December 1, 2005

Venezuela touts cheap fuel to US as Bush takes heat

By Matthew Robinson

NEW YORK (Reuters) - Venezuela on Thursday launched an ad
campaign touting its cheap heating oil program for the U.S.
poor as Washington faces criticism for doing little to protect
consumers from high fuel prices.

The full page ad in some of the nation's top newspapers
could irk the administration of U.S. President George W. Bush,
which has frequently clashed with Venezuelan President Hugo
Chavez over economic and foreign policies.

Under the banner: "How Venezuela is keeping the home fires
burning in Massachusetts," the ad talks up a program to supply
poor residents of the state with low-cost fuel from Citgo, the
U.S. branch of the OPEC nation's state oil firm PDVSA.

"The advertisements are intended to inform about this
humanitarian effort," Dave McCollum, a Citgo spokesman, told

"This effort came in response to the impact that hurricanes
Rita and Katrina had on energy prices. It is being handled as a
pilot program," he added.

Launched in Massachusetts last month, the program will also
provide low-cost fuel to New York City.

The advertisement, which appeared in The New York Times,
Washington Post, USA Today and the Houston Chronicle, came out
as executives from U.S. firms including Chevron, ConocoPhillips
and Exxon Mobil appeared at a hearing in Wisconsin on Thursday
to defend record profits.

The hearings follow a similar face-off in the U.S. Senate
in early November, which critics say failed to get a sufficient
explanation about how the companies have made unprecedented
profits at a time of national crisis.

U.S. fuel prices soared after hurricanes damaged U.S. oil
infrastructure in the Gulf Coast last summer. The high costs
have become a political liability for Bush, who has suffered
from lower approval ratings in recent months in part due to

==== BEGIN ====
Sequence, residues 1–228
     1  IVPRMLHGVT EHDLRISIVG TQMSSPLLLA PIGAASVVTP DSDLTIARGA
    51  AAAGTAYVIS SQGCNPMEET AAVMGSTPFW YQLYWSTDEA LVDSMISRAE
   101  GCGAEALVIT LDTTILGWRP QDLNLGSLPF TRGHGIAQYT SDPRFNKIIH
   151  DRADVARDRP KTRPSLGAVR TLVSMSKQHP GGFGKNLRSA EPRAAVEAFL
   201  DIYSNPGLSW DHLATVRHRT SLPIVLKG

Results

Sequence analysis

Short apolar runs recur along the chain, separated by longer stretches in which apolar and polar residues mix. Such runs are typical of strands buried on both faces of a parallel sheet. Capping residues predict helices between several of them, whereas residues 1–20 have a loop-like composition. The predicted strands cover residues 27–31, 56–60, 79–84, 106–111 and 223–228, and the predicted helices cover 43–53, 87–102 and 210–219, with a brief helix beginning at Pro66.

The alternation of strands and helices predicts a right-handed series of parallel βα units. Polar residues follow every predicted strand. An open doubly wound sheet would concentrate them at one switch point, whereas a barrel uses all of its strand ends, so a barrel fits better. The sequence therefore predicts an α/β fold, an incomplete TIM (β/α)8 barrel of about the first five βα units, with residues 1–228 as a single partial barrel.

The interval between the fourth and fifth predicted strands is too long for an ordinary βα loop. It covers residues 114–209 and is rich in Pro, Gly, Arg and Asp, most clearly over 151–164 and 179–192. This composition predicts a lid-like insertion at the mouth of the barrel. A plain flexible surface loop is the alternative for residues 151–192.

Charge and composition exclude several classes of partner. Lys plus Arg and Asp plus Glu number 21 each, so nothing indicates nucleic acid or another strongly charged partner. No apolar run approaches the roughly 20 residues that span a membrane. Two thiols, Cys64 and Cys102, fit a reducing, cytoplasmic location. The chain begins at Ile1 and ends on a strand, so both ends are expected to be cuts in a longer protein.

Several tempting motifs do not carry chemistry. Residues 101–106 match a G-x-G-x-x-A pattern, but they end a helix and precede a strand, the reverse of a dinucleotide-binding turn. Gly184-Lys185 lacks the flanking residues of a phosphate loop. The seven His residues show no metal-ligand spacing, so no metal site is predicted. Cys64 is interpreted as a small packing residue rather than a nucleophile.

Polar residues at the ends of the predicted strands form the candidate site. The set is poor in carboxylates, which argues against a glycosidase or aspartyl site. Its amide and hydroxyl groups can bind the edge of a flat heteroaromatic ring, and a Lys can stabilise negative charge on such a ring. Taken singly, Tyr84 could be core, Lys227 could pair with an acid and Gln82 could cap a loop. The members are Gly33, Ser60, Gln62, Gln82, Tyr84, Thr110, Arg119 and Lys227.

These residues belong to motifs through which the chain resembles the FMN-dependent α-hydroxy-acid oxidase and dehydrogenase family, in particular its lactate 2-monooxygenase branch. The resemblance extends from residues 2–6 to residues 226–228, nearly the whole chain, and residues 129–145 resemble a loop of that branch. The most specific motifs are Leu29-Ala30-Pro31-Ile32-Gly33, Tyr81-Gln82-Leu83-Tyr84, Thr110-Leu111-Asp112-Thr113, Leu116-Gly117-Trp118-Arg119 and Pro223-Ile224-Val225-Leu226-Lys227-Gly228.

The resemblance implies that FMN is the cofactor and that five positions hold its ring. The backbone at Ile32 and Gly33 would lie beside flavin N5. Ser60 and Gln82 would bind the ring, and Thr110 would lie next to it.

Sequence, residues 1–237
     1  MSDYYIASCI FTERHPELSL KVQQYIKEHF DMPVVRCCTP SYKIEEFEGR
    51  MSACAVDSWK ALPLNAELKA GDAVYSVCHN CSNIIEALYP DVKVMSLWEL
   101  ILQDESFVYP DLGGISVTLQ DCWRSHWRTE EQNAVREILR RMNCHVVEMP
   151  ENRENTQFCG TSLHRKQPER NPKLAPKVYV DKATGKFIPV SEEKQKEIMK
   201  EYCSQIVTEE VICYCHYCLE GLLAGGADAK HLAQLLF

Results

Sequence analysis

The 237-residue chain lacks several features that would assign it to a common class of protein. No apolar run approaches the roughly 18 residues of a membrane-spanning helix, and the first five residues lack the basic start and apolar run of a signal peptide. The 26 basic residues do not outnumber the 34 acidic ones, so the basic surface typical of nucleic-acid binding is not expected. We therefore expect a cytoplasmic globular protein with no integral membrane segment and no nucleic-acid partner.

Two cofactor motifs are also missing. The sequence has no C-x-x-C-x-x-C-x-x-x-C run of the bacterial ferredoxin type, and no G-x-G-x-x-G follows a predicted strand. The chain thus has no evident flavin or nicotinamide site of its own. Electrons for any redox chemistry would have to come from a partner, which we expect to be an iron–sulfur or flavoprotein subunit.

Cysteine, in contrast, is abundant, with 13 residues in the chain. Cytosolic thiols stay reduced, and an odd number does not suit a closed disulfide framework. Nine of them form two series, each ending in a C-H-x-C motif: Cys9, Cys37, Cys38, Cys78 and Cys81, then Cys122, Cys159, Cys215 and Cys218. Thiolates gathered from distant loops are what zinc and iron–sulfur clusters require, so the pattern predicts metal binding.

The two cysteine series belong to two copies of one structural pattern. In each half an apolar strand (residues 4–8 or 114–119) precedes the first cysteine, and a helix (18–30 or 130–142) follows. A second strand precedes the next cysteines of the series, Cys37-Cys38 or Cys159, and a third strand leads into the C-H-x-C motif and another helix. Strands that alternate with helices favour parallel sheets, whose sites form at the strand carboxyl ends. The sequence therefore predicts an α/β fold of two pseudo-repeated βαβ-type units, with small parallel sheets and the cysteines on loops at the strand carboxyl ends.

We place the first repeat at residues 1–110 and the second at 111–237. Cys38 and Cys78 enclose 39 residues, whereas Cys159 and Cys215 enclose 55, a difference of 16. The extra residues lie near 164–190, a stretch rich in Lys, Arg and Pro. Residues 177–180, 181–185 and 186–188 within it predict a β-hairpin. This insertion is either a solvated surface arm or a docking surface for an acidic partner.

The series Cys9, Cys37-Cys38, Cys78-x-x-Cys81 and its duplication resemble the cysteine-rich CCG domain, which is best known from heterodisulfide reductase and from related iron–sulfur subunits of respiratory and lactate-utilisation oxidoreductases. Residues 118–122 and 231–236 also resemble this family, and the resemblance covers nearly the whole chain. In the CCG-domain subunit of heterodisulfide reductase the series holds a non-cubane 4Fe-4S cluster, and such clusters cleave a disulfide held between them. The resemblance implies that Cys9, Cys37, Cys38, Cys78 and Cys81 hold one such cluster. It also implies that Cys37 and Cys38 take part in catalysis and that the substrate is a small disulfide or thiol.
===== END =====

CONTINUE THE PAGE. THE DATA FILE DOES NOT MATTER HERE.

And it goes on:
fuel prices.

Analysts said left-winger Chavez, who has given
preferential energy supply deals to Venezuela's South American
and Caribbean neighbors to strengthen regional ties, has seized
upon expected high heating bills this winter to curry favor
among the U.S. population.

"It's a publicity stunt, really. But it does give them some
support among U.S. regional politicians. It's not a stupid
thing to do," said one energy analyst who asked not to be

But proponents of the heating oil program say the former
army officer only wants to ease the sting of U.S. winter
heating bills in the Northeast, which accounts for 80 percent
of all the nation's heating oil demand.

"Chavez expressed his interest in helping the (poor)
people," Larry Chretien of Mass Energy, which is helping to
distribute the cheap fuel, said.

Oil-reliant Venezuela, the world's fifth largest crude
exporter, is already a top U.S. energy supplier.

But relations between Washington and Caracas have
degenerated since Chavez first won office in 1998, promising to
fight poverty through his "revolutionary" social programs and
increasing ties with anti-U.S. states such as Cuba and Iran.

He claims the Bush government has plotted to topple him.
Washington denies the charge but says Chavez is a threat to
regional stability.